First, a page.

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Last Updated: Tuesday, 2 August 2005, 11:02 GMT 12:02 UK
N Korea pessimistic about talks
North Korea's Vice Foreign Minister Kim Kye Gwan is surrounded by reporters in front of the North Korean embassy in Beijing, China, on Tuesday August 2, 2005
It was Kim Kye-gwan's first public comment during the talks
A North Korean envoy said multinational talks on Pyongyang's nuclear programme had made no progress, as delegates ended their eighth day of negotiation.

"The situation is bad," said Kim Kye-gwan, but added: "We will do our best to reach an agreement."

North Korea wants security guarantees and aid before it will scrap its programme, a condition the US rejects.

The talks, already at record length, are expected to continue into Wednesday.

In the first comment from the North Korean side since this round of talks began in Beijing, Mr Kim told reporters: "The talks lasted for long hours but produced no progress... There are some differences and confrontations over several issues."

Earlier, US envoy Christopher Hill also said there still remained "a lot of differences".

The six nations - the two Koreas, the US, China, Russia and Japan - are currently locked in deadlock over a new draft document written by China.

"We felt the second draft was actually better than the first draft. It clearly reflected the comments of all the parties," Mr Hill said.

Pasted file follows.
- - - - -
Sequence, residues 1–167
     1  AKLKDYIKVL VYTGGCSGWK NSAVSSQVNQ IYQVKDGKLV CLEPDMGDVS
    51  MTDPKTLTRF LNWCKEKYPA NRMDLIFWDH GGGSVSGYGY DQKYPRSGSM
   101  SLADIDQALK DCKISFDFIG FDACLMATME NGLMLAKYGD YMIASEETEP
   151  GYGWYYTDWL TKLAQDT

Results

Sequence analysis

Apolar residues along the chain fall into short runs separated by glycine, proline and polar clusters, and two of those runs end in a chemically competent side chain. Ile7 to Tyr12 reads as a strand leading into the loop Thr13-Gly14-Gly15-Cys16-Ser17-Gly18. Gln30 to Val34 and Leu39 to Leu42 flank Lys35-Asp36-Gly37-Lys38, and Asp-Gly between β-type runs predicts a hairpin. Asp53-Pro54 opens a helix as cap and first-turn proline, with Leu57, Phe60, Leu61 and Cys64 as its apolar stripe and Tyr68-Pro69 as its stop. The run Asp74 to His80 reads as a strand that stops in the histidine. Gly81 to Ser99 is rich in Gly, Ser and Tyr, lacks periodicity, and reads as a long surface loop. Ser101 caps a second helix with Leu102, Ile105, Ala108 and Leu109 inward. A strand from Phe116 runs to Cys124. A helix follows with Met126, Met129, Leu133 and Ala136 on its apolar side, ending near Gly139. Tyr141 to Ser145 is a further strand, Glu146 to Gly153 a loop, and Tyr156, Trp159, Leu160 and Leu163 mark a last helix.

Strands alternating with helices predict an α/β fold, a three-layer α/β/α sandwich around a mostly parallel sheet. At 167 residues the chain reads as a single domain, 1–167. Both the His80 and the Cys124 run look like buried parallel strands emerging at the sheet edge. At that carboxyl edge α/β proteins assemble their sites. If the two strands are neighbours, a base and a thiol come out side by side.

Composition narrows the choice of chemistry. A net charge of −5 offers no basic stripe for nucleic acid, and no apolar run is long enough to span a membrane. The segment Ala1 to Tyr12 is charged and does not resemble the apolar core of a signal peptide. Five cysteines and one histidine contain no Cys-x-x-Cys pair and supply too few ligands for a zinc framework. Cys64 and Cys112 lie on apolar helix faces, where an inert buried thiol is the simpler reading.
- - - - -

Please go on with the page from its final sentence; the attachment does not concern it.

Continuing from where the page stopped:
Frankly we were not able to bridge any differences
Christopher Hill
Chief US negotiator

But he added: "I need to be very clear that there are a lot of differences between the North Korean side on one hand and everyone else on the other hand."

Chief Japanese negotiator Kenichiro Sasae said the talks "have come close to the moment of truth", adding that it was up to North Korea to help make a breakthrough.

Japanese Foreign Minister Nobutaka Machimura said one of the sticking points was North Korea's denial that it harboured a second, secret nuclear programme, in addition to the plutonium one it has admitted to.

"North Korea still does not acknowledge that it has a uranium enrichment programme," Mr Machimura said from Tokyo.

"The work on the wording of a joint statement is not going smoothly."

Sticking points

North Korea wants security guarantees and aid before it will scrap its nuclear programme. But the US wants North Korea to abandon its nuclear ambitions before any concessions are made.

Oct 2002: US says North Korea is enriching uranium in violation of agreements
Dec 2002: North Korea removes UN seals from Yongbyon nuclear reactor, expels inspectors
Feb 2003: IAEA refers North Korea to UN Security Council
Aug 2003: First round of six-nation talks begins in Beijing
Feb 2005: Pyongyang says it has built nuclear weapons for self-defence

North Korea also wants sanctions against it lifted, and what it sees as a US nuclear threat removed.

It says it will return to the nuclear Non-Proliferation Treaty (NPT) and re-admit international weapons inspectors if the crisis is resolved.

Heated exchanges were reported during the last few days about how the sequence of disarmament should proceed.

The crisis first erupted in 2002 when the United States accused North Korea of pursuing nuclear arms.

The stand-off deepened when Pyongyang withdrew from the NPT and announced earlier this year that it had nuclear weapons.

Negotiators from the US and N Korea report on the talks

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